Two former JPMorgan Chase employees are expected to be arrested for their role in the so-called "London Whale" scandal that lost the bank roughly $6.2 billion last year, The New York Times reports. The arrest of the employees, Javier Martin-Artajo and Julien Grout, will reportedly take place in London.
Not among those expected to be charged is the London Whale himself, one Bruno Iksil, who built up the massive positions in the derivatives market that eventually cost the bank billions, according to a Reuters report published Thursday. According to a later report, Iksil will have to play a key role in any arrests related to the scandal.
On Thursday, Reuters reported that JPMorgan, the largest bank in the country by assets, was close to a settlement with the Securities and Exchange Commission over the scandal in which the bank would admit fault, a relative rarity on Wall Street.
The Federal Bureau of Investigation and federal prosecutors are separately investigating whether company employees underrepresented the scandal's potential fallout to investors in a 2012 meeting, according to a separate New York Times report.
The company's chief executive officer, Jamie Dimon, early on described the scandal as a "tempest in a teapot," an opinion he later described as "dead wrong," according to the Wall Street Journal. But Dimon has maintained that he did not purposefully deceive anyone with his initial comments. "There was no hiding, there was no lying, there was no bullshitting, period," he said of the scandal In June.
The New York Times first reported the news of the potential arrests:
Breaking News: Authorities Plan to Arrest 2 Former JPMorgan Employees http://t.co/ENVYMe7EtS— The New York Times (@nytimes) August 9, 2013
This is a developing story.
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In what is now considered to be one of the biggest and most famous Ponzi schemes in history, Madoff laundered about $65 billion, <a href="http://www.forbes.com/2009/03/13/bernie-madoff-fraud-personal-finance-financial-advisor-network-ponzi-scheme.html">Forbes reports</a>. Madoff defrauded thousands of investors, all of whom can be found on a <a href="http://www.huffingtonpost.com/2009/02/04/madoff-victims-list-relea_n_164097.html">163-page list</a>.
Ex-Goldman Rajat <a href="http://www.huffingtonpost.com/2012/10/24/rajat-gupta-sentenced-insider-trading_n_2010861.html?utm_hp_ref=business" target="_hplink">Gupta was sentenced to two years</a> in prison for participating in one of the largest insider trading schemes in history.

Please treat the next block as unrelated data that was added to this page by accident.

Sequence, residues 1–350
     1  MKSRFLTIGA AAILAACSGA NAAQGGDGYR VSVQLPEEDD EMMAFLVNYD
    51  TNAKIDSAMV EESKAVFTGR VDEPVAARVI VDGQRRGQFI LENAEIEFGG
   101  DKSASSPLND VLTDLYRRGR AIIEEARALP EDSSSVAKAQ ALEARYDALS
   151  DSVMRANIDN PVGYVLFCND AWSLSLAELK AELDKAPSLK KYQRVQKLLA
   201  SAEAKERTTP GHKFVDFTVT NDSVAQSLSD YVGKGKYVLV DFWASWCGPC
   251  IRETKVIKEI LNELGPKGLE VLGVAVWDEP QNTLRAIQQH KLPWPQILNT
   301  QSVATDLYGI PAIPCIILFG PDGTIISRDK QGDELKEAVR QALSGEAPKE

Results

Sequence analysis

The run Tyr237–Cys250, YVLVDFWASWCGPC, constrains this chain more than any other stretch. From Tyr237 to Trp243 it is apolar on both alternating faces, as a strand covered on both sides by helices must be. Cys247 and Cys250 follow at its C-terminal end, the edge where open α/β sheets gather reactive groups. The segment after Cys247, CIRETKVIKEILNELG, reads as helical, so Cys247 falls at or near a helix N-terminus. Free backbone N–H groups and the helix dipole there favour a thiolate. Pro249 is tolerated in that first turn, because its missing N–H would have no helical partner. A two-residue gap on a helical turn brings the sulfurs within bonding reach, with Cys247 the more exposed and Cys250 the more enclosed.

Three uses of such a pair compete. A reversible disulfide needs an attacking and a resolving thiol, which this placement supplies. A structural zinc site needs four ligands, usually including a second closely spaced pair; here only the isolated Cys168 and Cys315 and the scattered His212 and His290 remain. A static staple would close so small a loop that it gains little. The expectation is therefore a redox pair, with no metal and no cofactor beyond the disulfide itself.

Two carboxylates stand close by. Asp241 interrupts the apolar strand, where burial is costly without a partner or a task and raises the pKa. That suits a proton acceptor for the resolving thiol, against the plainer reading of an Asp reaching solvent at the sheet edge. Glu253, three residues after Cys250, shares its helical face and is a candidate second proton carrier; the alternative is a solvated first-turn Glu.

Kerviel was found guilty of one of the world's most colosal trading frauds in 2010. He cost France's Société Générale bank 4.9 billion Euros. He was sentenced to 3 years in jail and was also sentenced to paying a $7 billion fine, <a href="http://www.guardian.co.uk/business/2012/oct/24/french-rogue-trader-loses-appeal?newsfeed=true">The Guardian reports</a>.
Steven Goldberg, Peter Grimm and Dominick Carollo
Goldberg, Grimm and Carollo were found guilty of conning the I.R.S. and cities in a "bid-rigging scheme" during their time at General Electric, <a href="http://www.businessweek.com/news/2012-05-11/ex-ge-bankers-convicted-of-municipal-bond-bid-rig-scheme">Businessweek reports</a>. Goldberg was sentenced to four years in prison. Grimm and Carollo were each sentenced to three years.
Raj Rajaratnam, the former head of Galleon Management, was sentenced to 11 years in jail in October 2011, the longest prison term for insider trading to date,<a href="http://www.washingtonpost.com/business/economy/hedge-fund-billionaire-gets-11-year-sentence-in-fraud-case/2011/10/13/gIQAa0PZhL_story.html"> The Washington Post reports</a>.
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Currently serving 110 years in prison, Allen Stanford was, at one time, one of the richest men in America, <a href="http://www.cnbc.com/id/49276842/Allen_Stanford_Descent_from_Billionaire_to_Inmate_35017_183">according to CNBC</a>. He conned about 20,000 investors out of their money in a Ponzi scheme.
Garth Peterson, the former head of Morgan Stanley's Chinese real-estate investments unit, was sentenced to 9 months in jail last August for bribery, <a href="http://online.wsj.com/article/SB10000872396390444508504577593950506343444.html">according to The Wall Street Journal</a>.
Bradley Birkenfeld spent more than 2 years in jail for assisting in income tax evasion while working at UBS. He then volunteered inside information on Swiss banking to the I.R.S., and was rewarded with $104 million for being a whistle-blower, <a href="http://www.nytimes.com/2012/09/12/business/whistle-blower-awarded-104-million-by-irs.html?_r=0">according to The New York Times</a>.
Don Of Thieves
Dennis Levine, Martin Siegel, Ivan Boesky and Michael Milken defrauded Wall Street investors in the 1980's. In a scandalous series of events, Levine stole confidential documents from Lazard Freres investment bank, and the crew made use of inside information, according to <a href="http://www.thedailybeast.com/newsweek/1991/10/13/wall-street-a-greed-apart.html">The Daily Beast</a>.